Halliburton helps other companies produce oil and natural gas both offshore and on land. In the last several quarters, domestic oil drilling has hit levels not seen in more than two decades, but a glut of natural gas has hurt that side of the energy business.
Its stock has risen sharply this year on growth in international revenue and expectations of more drilling and better pricing and profit margins in North America.
Halliburton's growth has slowed sharply in the last four quarters, but it hopes that higher U.S. natural gas prices will help it boost revenue again.
The Houston company is also trying to put the Gulf of Mexico oil spill behind it. Halliburton provided well-cementing services for the BP PLC drilling rig that exploded in April 2010, and money set aside to cover lawsuits from the incident pushed Halliburton to a net loss in the first quarter. Halliburton has been negotiating to settle those claims.
For the quarter ended June 30, Halliburton's net income totalled $679 million, or 73 cents per share. A year ago, earnings were $737 million, or 79 cents per share.
Analysts had been expecting 72 cents per share, according to FactSet.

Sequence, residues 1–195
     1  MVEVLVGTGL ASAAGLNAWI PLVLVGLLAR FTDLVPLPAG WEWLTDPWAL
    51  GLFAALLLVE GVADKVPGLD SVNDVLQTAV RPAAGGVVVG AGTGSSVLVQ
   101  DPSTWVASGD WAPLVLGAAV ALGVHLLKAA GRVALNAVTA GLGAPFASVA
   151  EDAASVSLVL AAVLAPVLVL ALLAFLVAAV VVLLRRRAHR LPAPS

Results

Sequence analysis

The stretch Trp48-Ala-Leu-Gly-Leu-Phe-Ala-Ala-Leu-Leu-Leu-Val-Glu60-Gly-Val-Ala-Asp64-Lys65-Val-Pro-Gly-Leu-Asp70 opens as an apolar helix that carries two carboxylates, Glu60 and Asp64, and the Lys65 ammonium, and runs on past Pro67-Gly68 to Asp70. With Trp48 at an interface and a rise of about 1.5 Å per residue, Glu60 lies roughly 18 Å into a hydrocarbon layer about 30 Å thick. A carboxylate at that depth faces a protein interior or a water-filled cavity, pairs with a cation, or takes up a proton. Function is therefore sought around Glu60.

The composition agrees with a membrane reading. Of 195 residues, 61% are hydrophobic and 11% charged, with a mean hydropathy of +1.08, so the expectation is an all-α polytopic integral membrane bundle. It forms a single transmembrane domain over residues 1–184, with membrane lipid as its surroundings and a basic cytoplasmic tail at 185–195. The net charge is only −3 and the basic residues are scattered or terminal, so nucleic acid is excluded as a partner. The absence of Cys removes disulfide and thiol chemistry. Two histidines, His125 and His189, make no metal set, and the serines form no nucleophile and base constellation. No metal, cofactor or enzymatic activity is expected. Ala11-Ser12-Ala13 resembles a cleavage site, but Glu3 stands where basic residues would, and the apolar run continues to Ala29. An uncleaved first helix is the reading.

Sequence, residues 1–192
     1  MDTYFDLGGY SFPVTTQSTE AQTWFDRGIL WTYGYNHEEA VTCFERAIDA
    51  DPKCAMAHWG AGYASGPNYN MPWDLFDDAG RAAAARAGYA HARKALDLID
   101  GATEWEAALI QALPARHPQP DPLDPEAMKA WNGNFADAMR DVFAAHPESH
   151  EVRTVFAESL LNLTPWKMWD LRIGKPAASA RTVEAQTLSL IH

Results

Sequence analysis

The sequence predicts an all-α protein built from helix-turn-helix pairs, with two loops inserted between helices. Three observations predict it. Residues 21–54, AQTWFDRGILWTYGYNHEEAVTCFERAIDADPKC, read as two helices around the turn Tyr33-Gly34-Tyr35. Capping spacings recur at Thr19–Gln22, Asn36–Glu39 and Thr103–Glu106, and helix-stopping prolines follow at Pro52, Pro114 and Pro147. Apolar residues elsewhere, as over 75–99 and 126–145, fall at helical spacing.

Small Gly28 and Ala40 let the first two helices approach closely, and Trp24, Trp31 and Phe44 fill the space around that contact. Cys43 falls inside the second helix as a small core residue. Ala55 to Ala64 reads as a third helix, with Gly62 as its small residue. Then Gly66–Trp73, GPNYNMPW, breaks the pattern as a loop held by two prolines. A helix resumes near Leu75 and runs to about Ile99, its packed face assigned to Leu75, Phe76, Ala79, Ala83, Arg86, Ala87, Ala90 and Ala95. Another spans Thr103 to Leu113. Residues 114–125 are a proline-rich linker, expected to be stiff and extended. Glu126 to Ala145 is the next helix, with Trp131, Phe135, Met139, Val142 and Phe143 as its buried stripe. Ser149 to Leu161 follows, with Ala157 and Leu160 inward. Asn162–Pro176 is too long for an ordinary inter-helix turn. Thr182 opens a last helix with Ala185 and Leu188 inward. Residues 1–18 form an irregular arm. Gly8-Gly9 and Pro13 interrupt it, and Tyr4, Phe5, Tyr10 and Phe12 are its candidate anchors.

Overall revenue edged up 1 per cent to $7.32 billion from $7.23 billion a year ago, also topping expectations despite an 8 per cent revenue slide in North America. Total revenue, even with the decline in North America, was an all-time best for the second quarter.
Halliburton faces growing competition in a contentious part of its business: hydraulic fracturing or "fracking," which is the process of using chemicals and water under high pressure to crack open rock formations and release oil and natural gas. The technique has helped spur production in shale deposits but has come under fire from environmentalists, who charge that it threatens underground water supplies.
Halliburton moved to defuse some of that criticism last week by striking a deal with Nuverra Environmental Solutions Inc. to develop ways to increase the use of recycled wastewater.
And on Friday a landmark federal study showed no evidence that chemicals from the natural gas drilling process had contaminated drinking water aquifers at a western Pennsylvania drilling site. Although the study is ongoing and the results are still preliminary, it was the first independent look at whether toxic chemicals used in fracking pose a threat to people during normal drilling operations.
Shares of Halliburton Co. rose 2 cents to $45.85 before the opening bell.Suggest a correction